Telekinesis: Dormarion

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Telekinesis: <i>Dormarion</i>

Some artists are criticized for releasing the same album over and over, while others are condemned for not delivering seconds and “turning their back” on the sound that brought their fans to the table. But Michael Benjamin Lerner, who performs under the name of Telekinesis, recycles his signature punchy drum-bass-guitar (with the occasional keyboard) arrangements for a third time on Dormarion and manages to keep it fresh.

Dormarion is named after the street in Austin, Texas that is home to Spoon drummer Jim Eno’s Public Hi-Fi studio where the album was recorded. Telekinesis’ first two albums—2009’s self-titled album and 2011’s 12 Desperate Straight Lines—were both produced with Death Cab For Cutie’s Chris Walla, and Dormarion fits perfectly alongside them. Lerner’s collaboration with Eno is just as solid as his work with Walla, proving that he knows exactly what he’s doing in recording all of the parts himself.

The most noticeable difference comes more in the tone of the songs. 12 Desperate Straight Lines was very obviously a break-up album, which lent a certain frantic and desperate wild energy to those songs. The tone on Dormarion harkens back to some of the happy-go-lucky vibes found on Telekinesis! but maintains the almost non-stop rock of 12 Desperate Straight Lines.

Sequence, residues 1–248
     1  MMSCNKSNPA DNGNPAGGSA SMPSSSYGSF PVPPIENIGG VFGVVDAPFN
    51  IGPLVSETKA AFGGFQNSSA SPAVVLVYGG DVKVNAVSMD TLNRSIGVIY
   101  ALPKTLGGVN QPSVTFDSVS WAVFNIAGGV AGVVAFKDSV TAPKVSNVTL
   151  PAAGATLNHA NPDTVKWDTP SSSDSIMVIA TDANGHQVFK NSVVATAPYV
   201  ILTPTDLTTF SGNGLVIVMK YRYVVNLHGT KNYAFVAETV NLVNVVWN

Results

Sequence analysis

Like its predessors, Dormarion’s lyrics are filled with personal yet identifiable snapshots. “Symphony,” the album’s only acoustic track, beautifully paints a picture of love with lines like: “I do believe that we are machines and we search til our parts intersect.”

“Power Lines” kicks off Dormarion in a familiar fashion with an acoustic intro that quickly turns into a full-on rock explosion good enough to prompt numerous replays before jumping into the never-slowing “Empathetic People.”

This isn’t the first time Telekinesis has featured the use of keyboards and synths, however they do take up a larger slice of the sonic template here than ever before. “Ghosts and Creatures” is an atmospheric keyboard-driven track with a nod toward 12 Desperate Straight Lines’ “Patterns” (although much livelier) and “Ever True” is a catchy ‘80s throwback complete with a drum machine.

“Lean On Me”—a sunny, upbeat track about being in love—showcases a rock-solid rhythm section that doesn’t stop bouncing once it starts and a guitar solo reminiscent of the fictitious band The Wonders, and on an album full of standout songs, “Little Hill” reaches above the rest as an example of Lerner’s ability to craft infectious melodies and rhythms on various instrument and tie them together seamlessly.

Dormarion should leave returning fans satisfied and new listeners hooked as Lerner continues to refine his skills and churn out strong albums.